As well as affecting traders on an individual level, FOMO can have a direct bearing upon the markets. Moving markets might be emotionally driven – traders look for opportunities and seek out entry points as they perceive a new trend to be forming.
This graph uses the S&P 500 index as an example of how markets can move due to mass trader sentiment. Steady bullish markets can quickly spike when people begin jumping on the bandwagon, for fear of missing out. They can crash too, as seen here directly after the sharp rise. People who entered a long position late would have lost money, which is the worst-case scenario in FOMO trading.
FOMO Trading vs Disciplined Trading: The Cycle
As explored above, the process of placing a trade can be very different depending on the situation in hand and the factors that are driving a trader’s decisions. Here is the journey of a FOMO trader vs a disciplined trader – as you will see, there are some fundamental differences that can lead to very different outcomes.
DailyFX Analysts Share their FOMO Experiences
Traders of all levels of experience have dealt with FOMO, including our DailyFX analysts:
“Trade according to your strategy, not your feelings” – Peter Hanks, Junior Analyst
“Strategize. Execute. Stick to the plan and don’t be greedy. All types of traders make money; pigs get slaughtered” – Christopher Vecchio, Senior Strategist
“Trade decisions are not binary, long vs. short. Sometimes doing nothing is the best trade you can make” - IIya Spivak, Senior Currency Strategist
“If you don’t deal with and temper FOMO in trading – it will deal with you” – James Stanley, Technical Strategist
“No one trade should make or break you. With that said, if you miss an opportunity there is always another one around the corner” – Paul Robinson, Currency Strategist
Can you relate to our analysts’ experiences? Leave a comment below, or tweet us: @DailyFX
Tips to Overcome FOMO
Overcoming FOMO begins with greater self-awareness, and understanding the importance of discipline and risk management in trading. While there is no simple solution to preventing emotions from impacting trades and stopping FOMO in its tracks, there are various techniques that can help traders make informed decisions and trade more effectively.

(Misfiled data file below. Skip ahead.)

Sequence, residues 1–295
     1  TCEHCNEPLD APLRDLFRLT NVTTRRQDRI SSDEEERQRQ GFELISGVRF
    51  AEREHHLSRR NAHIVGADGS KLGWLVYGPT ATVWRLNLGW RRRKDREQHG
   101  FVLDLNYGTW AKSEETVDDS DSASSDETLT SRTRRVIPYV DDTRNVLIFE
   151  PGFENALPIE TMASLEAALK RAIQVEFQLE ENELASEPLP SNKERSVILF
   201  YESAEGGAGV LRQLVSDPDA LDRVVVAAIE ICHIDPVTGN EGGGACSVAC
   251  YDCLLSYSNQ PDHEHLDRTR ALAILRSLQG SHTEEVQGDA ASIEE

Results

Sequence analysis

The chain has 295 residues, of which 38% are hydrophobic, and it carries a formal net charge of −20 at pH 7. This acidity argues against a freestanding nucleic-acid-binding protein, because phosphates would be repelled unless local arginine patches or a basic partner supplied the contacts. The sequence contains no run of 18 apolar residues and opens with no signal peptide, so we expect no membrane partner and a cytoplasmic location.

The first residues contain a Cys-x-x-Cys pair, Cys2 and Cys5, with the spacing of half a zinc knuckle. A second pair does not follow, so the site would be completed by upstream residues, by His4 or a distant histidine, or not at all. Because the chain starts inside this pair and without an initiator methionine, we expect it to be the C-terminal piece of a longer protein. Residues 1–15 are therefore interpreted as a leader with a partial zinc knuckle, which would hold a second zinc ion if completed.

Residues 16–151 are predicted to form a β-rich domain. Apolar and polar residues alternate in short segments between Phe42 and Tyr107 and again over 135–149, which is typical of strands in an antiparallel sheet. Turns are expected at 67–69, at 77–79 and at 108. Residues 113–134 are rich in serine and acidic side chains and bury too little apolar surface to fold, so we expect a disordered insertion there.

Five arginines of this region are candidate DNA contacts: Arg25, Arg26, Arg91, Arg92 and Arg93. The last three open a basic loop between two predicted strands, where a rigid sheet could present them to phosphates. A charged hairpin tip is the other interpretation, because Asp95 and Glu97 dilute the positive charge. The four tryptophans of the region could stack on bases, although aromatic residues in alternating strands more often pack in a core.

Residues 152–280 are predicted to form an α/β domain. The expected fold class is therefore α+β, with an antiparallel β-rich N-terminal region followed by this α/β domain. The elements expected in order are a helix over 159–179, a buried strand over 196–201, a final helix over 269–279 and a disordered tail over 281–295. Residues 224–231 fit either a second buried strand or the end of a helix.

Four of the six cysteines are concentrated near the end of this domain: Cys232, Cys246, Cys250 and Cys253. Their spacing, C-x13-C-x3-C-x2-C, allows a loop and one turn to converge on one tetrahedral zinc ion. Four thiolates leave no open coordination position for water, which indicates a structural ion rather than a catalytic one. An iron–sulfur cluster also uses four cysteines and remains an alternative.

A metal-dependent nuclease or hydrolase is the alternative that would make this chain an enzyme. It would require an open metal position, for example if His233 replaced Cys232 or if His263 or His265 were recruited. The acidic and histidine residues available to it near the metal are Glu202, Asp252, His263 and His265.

Here are some tips and reminders to help manage the fear factor:
- There will always be another trade. Trading opportunities are like buses – another one will always come along. This might not be immediate, but the right opportunities are worth the wait.
- Everyone is in the same position. Recognising this is a breakthrough moment for many traders, making the FOMO less intense. Join a DailyFX webinar and share experiences with other traders – this can be a useful first step in understanding and improving trading psychology.
- Stick to a trading plan. Every trader should know their strategy, create a trading plan, then stick to it. This is the way to achieve long-term success
- Taking the emotion out of trading is key. Learn to put emotions aside – a trading plan will help with this, improving trading confidence.
- Traders should only ever use capital they can afford to lose. They can also use a stop to minimise losses if the market moves unexpectedly.
- Knowing the markets is essential. Traders should conduct their own analysis and use this to inform trades, taking all information on board to be aware of every possible outcome.
- FOMO isn’t easily forgotten, but it can be controlled. The right strategies and approaches ensure traders can rise above FOMO.
- Keeping a trading journal helps with planning. It’s no coincidence that the most successful traders use a journal, drawing on personal experience to help them plan.
Overcoming FOMO doesn’t happen overnight; it’s an ongoing process. This article has provided a good starting point, highlighting the importance of trading psychology and managing emotions to prevent FOMO from affecting decisions when placing a trade.